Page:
Hopes for new Australian climate policy appear remote

The leaders of Tuvalu, Papua New Guinea and Fiji have expressed hope that Mr Turnbull, who was this week sworn in as prime minister after ousting Tony Abbott as Liberal Party leader, could be a champion for Pacific countries battling rising sea levels and intensifying weather systems.

The change in Canberra came a week after the Pacific Islands Forum meeting highlighted a growing chasm between the Pacific countries and Australia and New Zealand on the issue of climate change.

Tuvalu disheartened by Australian climate attitude

Enele Sopoaga, who also chairs the Small Island States group, says he is disappointed by the failure of last week's Pacific Islands Forum meeting to make a stronger statement on climate change.

Australia and New Zealand did not commit to tougher emission targets called for by the SIS.

Sopoaga says Australia's approach at the Forum and joke by their Immigration Minister about climate change have shone a light on their indifference.

Small islands call for global moratorium on coal mines

The leaders of the Cook Islands, Kiribati, Marshall Islands, Nauru, Palau and Tuvalu caught up on Monday before the wider 16 nation Pacific Island Forum leaders summit in Papua New Guinea later this week.

They issued a special declaration on climate change that demanded the world limit the global temperature rise to 1.5 degrees Celsius and that countries uphold the principle of polluter pays.

Commonwealth Secretary-General concludes official visit to Tuvalu

It marked the start of his tour of the Pacific region during which he will also visit Fiji, Samoa and Papua New Guinea

The purpose of the visit was to reiterate and renew the Commonwealth’s commitment to work in partnership with Tuvalu, a valued member and one of our 31 small states, particularly in the context of the work of the Commonwealth across the entire spectrum of interests of small states.

New Members of Parliament in Tuvalu undergo Induction Seminar

MPs will have the opportunity to learn from the experiences from the Australian and New Zealand Parliaments. Sessions will also include the United Nations conventions that Tuvalu has ratified like the Convention on the Elimination of all forms of Discrimination against Women (CEDAW), UN Convention against Corruption and the Convention on the Rights of Persons with Disabilities.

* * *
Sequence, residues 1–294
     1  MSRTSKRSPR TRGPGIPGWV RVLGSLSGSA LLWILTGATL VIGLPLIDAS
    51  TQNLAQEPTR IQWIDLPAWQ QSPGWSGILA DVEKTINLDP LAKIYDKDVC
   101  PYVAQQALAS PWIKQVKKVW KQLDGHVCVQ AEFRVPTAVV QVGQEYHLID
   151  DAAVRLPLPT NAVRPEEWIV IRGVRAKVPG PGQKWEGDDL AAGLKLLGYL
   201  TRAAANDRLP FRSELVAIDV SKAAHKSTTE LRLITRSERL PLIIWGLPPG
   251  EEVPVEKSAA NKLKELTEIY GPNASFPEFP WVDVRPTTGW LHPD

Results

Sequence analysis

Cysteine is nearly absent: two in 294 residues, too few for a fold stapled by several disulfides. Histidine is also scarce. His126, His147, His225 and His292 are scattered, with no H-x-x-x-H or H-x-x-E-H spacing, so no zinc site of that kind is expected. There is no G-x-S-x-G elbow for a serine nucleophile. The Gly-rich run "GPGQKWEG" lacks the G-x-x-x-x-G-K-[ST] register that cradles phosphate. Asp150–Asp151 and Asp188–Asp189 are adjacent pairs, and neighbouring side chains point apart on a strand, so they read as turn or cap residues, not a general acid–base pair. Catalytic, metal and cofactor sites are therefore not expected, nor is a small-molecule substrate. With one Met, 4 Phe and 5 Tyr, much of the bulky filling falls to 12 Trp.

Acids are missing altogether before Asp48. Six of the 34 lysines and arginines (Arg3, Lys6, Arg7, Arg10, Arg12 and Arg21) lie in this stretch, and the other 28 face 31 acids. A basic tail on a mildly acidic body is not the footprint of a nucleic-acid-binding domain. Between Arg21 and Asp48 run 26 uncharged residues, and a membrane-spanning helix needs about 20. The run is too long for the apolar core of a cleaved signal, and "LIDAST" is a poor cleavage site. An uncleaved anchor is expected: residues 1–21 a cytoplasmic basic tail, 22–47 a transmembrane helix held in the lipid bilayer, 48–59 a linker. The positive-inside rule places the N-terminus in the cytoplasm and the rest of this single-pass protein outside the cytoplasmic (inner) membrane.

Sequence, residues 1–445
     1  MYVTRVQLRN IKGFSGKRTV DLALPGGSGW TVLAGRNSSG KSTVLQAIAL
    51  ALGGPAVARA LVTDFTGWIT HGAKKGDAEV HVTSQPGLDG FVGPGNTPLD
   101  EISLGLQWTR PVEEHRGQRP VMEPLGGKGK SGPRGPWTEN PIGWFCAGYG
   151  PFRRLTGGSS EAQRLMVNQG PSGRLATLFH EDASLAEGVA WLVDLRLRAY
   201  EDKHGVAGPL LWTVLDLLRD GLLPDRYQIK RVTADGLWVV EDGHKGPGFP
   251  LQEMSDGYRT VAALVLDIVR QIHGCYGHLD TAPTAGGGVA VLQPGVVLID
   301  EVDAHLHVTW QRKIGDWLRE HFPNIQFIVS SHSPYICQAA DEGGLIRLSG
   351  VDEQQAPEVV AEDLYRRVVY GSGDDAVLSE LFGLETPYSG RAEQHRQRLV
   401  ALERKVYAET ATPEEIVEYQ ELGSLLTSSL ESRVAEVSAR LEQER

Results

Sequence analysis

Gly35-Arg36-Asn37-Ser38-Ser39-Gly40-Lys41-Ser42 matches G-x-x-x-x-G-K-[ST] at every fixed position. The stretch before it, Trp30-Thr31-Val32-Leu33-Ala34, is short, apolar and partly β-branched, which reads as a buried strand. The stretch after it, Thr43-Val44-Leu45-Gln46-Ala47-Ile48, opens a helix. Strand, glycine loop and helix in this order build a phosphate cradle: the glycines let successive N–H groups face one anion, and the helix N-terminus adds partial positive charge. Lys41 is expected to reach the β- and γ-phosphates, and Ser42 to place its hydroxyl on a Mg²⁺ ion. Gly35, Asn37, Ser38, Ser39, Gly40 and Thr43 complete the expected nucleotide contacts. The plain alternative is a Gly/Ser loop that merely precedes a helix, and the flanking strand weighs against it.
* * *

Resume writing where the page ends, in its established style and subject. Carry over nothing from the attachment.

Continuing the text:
Tuvalu looking at buying NZ and Aust land for displaced

Tuvalu and Kiribati both say upcoming climate talks in Paris are vital as rising sea levels threaten their existence.

Fourteen Pacific Island nations have been meeting in Jaipur in India to discuss rising sea levels.

Enele Sopoaga says failure is not an option.

He says the nation may be able to purchase land in other places, such as New Zealand and Australia if necessary.

However he says that won't stop climate change and its impact on Tuvalu, whose nine coral atolls are home to about 11,000 people.


Pacific island nations say climate talks failure not an option

The Pacific island nations say they have been forced to consider such nuclear options as buying land abroad to grow food and preparing their people to migrate as the seas slowly claim their homelands.

But as representatives of Pacific island nations met in Jaipur in the western Indian desert state of Rajasthan this week, the message was clear -- world leaders meeting in Paris in December must deliver on expectations of a historic deal to combat global warming.

NZ First MP shares parliamentary knowledge with Tuvalu MPs

Martin, the only representative from New Zealand’s Parliament asked to participate in the conference that starts next week, says she is proud to be involved in an initiative to help strengthen democracy in the Pacific.

“Tuvalu is interested in learning more about how the New Zealand and Australian parliaments work.

“This is a unique opportunity to share my experience as an MP and I hope all delegates can offer Tuvalu MPs knowledge of our parliamentary systems that will help in the successful running of the Tuvalu parliament,” says Martin.

NZ needs to help Pacific ‘little brother’ on climate, says Tuvalu cleric

Tuvalu’s Reverend Tafue Lusama is currently on a tour of New Zealand’s main centres in an effort to highlight the urgency of tackling climate change effects in the Pacific.

He is calling for New Zealand – which he refers to as “Tuvalu’s big brother” – to take the lead in climate change action and help to save the sinking country.

“I’ve always regarded New Zealand as Tuvalu’s big brother,” Rev Lusama said in his address at the Love Your Neighbour event earlier this month, which was co-ordinated by Oxfam.

Tuvalu joins the battle against invasive species

A three day workshop coordinated by the Secretariat of the Pacific Regional Environment Programme (SPREP) led to the formation of the Tuvalu Invasive Species Committee which will be coordinated by the Environment Department.

"A key outcome in forming this Committee is that stakeholders and various agencies have agreed to collaborate which can bring about positive outcomes," said Dr Posa Skelton, Coordinator of the Pacific Invasives Learning Network at SPREP.